• Reserva: Well that’s a pretty transparent name alright, this one was kept for a while. It

    is a young adult with all the charism, calm & length that go with it. These wines enjoyed the warmth of home for a little while, only being released after a minimum of 3 years ageing, of which a full year at least was in oak barriques. Clearly, the oak starts to dominate the terroir notes with the very seductive aromas of the more commonly used American oak. There’s vanilla, cinnamon, baking spices, chocolatey hints with a caramel-like scent that make it very attractive. However, Spain’s fantastic weather often allows for a full ripening of the grapes, leading to a pleasant jammy fruit character, soft and ripe on the palate. Therefore, unlike most Bordeaux or other wines with similar ageing in them, it can quite often be enjoyed on its own, but also loves food pairings. Locals in the Rioja match a lovely oven-braised lamb with it, but from cured Manchego cheese to Iberico ham, it is very food-friendly! Technically, these wines are released when they have reached their peak, but they can still do with a longer ageing and if you have a couple of bottles in the cellar, no need to rush through them…

 

  • Gran Reserva: From the impressive name to the common golden stripes around the

    bottle and shiny golden labels, it clearly is the one for special occasions. This wine is not a kid anymore, it’s a grown-up man. The minimum ageing is 5 years including 18 months in oak (24 in the Rioja) and 36 in the bottle, and bear in mind that these are only minimum requirements, quite often it is much more than that. To add to the prestige of these wines, unlike the others, they are only produced in greater vintages. That is to say that you can’t spend your money on them and find out later that you, uneducated wine virgin that you are, bought the wrong vintage (happened to…hmmm…a guy I know…friend of a friend…you know...). Gran Reserva wines were born to deliver, and that’s quite often what they do if you are into big, oaky, complex reds. They can lack a bit of the freshness that makes the beauty of the previous styles, like listening to your grand-dad’s war stories for the 50th time, knowing exactly when the next joke is gonna hit you… Nothing new or surprising there, but the gentle reassuring sound of that familiar voice wrapping you like a hug.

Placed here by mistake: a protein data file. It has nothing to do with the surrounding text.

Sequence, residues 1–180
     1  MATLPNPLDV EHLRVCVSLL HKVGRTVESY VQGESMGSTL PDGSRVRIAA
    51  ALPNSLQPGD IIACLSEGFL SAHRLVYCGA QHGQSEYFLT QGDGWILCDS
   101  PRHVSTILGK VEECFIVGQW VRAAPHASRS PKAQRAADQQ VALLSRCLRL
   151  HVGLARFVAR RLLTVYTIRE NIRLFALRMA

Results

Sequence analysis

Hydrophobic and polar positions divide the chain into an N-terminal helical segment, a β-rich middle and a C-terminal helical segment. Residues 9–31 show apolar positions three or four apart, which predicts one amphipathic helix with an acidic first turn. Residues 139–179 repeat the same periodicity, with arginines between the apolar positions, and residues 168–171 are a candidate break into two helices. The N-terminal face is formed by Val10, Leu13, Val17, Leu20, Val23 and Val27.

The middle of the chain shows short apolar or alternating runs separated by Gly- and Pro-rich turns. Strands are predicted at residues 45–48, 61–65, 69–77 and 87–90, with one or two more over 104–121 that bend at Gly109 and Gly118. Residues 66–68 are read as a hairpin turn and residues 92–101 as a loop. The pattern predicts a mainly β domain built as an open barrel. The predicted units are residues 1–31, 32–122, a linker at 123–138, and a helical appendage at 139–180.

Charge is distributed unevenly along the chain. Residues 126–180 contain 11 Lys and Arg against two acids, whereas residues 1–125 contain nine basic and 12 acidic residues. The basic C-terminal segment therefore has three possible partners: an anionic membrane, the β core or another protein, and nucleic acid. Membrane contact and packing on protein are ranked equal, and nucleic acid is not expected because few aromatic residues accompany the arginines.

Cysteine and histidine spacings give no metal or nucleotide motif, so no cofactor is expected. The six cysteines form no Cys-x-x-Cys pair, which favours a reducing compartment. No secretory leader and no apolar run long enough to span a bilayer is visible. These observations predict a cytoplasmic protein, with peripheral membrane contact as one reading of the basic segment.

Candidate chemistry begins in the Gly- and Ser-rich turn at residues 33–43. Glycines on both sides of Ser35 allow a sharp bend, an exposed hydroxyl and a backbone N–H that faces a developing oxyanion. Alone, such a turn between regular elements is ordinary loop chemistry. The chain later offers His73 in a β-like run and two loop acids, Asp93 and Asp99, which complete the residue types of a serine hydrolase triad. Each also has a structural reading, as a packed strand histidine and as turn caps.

If a lot of the attention and focus were given to the winemakers’ know-how, Spain is currently going through a bit of a revolution and the Natural aromas of its fantastic terroir are given more and more credit. Some wineries, in the Rioja and other regions, have put themselves in the bad books of the Denominacion de Origen regulators, fighting for the recognition, not only of the mens’ craft, but also of their land’s unique profile. So, wait and see, but so far, the above info should help you big time…

 

Max

Certified Sommelier (CMS)